Health & Wellness
For thousands of years, Eastern cultures have revered mushrooms’ health benefits. Often grouped with vegetables, mushrooms provide many of the nutritional attributes of produce, as well as attributes more commonly found in meat, beans or grains. Mushrooms are low in calories, fat-free, cholesterol-free, gluten-free, and very low in sodium, yet they provide important nutrients, including selenium, potassium, riboflavin, niacin, vitamin D and more.
The focus on the nutritional value of brightly colored fruits and vegetables has unintentionally left mushrooms in the dark. Mushrooms provide a number of nutrients:
- Mushrooms are a good source of B vitamins, including riboflavin, niacin, and pantothenic acid, which help to provide energy by breaking down proteins, fats and carbohydrates. B vitamins also play an important role in the nervous system.
- Pantothenic acid helps with the production of hormones and also plays an important role in the nervous system.
- Riboflavin helps maintain healthy red blood cells.
- Niacin promotes healthy skin and makes sure the digestive and nervous systems function properly.
- Beta-glucans are found in numerous mushroom species, have shown marked immunity-stimulating effects, contribute to resistance against allergies and may also participate in physiological processes related to the metabolism of fats and sugars in the human body. The beta-glucans contained in oyster, shiitake and split gill mushrooms are considered to be the most effective.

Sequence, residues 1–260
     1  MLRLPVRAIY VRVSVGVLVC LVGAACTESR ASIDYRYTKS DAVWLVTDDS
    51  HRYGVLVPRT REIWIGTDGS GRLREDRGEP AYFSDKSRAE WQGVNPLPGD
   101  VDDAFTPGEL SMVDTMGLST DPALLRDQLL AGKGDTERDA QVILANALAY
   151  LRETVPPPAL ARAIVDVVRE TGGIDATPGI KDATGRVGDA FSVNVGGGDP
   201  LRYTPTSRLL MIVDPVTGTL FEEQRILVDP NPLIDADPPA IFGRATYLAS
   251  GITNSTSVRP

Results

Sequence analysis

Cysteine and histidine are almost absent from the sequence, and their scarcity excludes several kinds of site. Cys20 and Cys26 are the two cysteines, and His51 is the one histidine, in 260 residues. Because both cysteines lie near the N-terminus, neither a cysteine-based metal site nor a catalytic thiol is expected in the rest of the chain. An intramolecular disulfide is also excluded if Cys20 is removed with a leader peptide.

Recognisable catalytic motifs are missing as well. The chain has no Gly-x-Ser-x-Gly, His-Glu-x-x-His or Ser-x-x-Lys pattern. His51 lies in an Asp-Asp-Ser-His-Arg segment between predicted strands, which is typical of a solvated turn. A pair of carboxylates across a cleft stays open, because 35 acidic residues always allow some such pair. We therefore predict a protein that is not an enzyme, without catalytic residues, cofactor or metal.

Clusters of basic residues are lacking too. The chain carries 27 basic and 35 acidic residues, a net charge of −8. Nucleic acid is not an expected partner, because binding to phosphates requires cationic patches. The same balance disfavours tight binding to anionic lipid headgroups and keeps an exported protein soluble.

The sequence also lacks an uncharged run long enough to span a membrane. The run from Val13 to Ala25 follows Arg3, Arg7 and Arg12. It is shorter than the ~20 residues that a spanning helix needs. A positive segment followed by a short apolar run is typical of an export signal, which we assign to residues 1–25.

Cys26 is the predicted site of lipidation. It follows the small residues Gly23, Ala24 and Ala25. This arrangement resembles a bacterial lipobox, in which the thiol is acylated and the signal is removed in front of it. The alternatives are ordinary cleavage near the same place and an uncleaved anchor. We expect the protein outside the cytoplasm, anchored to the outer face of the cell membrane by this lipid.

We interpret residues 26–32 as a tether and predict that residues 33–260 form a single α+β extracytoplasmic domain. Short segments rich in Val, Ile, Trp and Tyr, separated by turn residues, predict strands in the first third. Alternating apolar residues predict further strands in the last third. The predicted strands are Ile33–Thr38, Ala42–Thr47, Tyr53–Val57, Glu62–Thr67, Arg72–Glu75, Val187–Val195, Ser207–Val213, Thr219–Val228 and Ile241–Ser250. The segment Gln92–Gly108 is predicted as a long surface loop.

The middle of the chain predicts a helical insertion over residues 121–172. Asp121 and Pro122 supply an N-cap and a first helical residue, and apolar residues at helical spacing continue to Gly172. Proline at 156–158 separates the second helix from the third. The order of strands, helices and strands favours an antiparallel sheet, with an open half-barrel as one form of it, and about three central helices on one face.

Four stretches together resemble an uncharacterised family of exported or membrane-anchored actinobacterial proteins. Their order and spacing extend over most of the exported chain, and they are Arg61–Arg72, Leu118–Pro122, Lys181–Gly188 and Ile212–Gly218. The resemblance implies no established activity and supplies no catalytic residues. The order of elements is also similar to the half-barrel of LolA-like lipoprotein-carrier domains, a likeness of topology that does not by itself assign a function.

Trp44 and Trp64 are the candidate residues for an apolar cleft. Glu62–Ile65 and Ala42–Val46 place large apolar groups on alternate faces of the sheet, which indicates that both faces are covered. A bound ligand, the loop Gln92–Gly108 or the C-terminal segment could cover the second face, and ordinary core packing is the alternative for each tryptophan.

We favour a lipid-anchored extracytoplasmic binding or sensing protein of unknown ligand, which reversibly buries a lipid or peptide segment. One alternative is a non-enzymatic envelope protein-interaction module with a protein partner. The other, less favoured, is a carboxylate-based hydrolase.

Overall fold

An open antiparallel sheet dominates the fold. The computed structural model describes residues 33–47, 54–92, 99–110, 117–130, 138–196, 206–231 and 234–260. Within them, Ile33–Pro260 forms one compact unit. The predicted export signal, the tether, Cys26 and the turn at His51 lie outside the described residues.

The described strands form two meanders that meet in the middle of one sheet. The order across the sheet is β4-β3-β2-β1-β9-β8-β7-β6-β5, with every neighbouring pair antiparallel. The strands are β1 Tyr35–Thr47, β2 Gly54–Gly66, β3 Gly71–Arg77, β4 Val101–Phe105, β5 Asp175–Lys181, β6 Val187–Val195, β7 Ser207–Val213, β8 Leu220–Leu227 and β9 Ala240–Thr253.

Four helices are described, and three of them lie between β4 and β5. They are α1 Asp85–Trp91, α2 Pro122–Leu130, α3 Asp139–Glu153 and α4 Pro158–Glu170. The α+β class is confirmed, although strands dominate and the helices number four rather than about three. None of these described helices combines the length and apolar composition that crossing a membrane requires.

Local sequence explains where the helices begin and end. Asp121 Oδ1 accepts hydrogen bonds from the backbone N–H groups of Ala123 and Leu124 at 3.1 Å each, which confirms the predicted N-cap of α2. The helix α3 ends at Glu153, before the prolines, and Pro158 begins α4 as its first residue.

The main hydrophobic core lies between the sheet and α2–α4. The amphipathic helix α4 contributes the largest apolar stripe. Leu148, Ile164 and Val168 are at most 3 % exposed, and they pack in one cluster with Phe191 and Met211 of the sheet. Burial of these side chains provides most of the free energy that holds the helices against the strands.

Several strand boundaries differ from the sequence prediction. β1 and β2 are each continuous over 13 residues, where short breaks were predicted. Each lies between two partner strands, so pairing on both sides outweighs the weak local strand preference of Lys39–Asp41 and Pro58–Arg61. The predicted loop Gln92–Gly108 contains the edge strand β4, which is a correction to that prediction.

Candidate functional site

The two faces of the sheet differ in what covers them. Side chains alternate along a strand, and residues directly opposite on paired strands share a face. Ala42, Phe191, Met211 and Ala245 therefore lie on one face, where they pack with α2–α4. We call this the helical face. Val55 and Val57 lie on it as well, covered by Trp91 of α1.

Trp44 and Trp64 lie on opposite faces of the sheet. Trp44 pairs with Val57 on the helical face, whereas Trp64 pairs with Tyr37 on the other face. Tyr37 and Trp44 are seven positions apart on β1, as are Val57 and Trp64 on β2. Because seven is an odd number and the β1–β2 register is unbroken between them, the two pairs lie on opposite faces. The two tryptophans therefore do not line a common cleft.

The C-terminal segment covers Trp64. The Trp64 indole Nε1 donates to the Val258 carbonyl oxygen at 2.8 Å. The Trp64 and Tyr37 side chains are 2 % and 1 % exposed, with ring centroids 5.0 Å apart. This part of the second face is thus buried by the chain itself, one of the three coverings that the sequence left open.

Antioxidants and Immunity:
Mushrooms are the leading source of the essential antioxidant selenium in the product aisle. Antioxidants, like selenium, protect body cells from damage that might lead to chronic diseases. They may help to strengthen the immune system as well. In addition, mushrooms provide ergothioneine, a naturally occurring antioxidant that may help protect the body’s cells.
Mushrooms are hearty and filling. Preliminary research suggests increasing intake of low-energy-density foods (meaning fewer calories given the volume of food), specifically mushrooms, in place of high-energy-density foods, like lean ground beef, can be an effective method for reducing daily energy and fat intake while still feeling full and satiated after the meal.
Umami and Sodium:
Umami is the fifth basic taste after sweet, salty, bitter and sour. Derived from the Japanese word umami, meaning “delicious”, umami (pronounced oo-MAH-mee) is described as a savory, brothy, rich or meaty taste sensation. It’s a satisfying sense of deep, complete flavor, balancing savory flavors and full-bodied taste with distinctive qualities of aroma and mouthfeel. The more umami present in food, the more flavorful it will be. All mushrooms are a rich source of umami and the darker the mushroom the more umami it contains.
Another interesting characteristic about umami is that it counterbalances saltiness and allows for less salt to be used in a meal, without compromising flavor. Cooking with umami-rich ingredients, like mushrooms, instead of salt to reduce the overall sodium in a dish.
When creating your meal to maximize vitamin D, consider mushrooms as they are the only source of vitamin D in the produce aisle and one of the few non-fortified food sources. The renowned, Dr. Oz recommends “you get insurance vitamin D from foods without the risk of sun exposure.”
NOTE: Information provided by the Mushroom Council at www.mushroominfo.com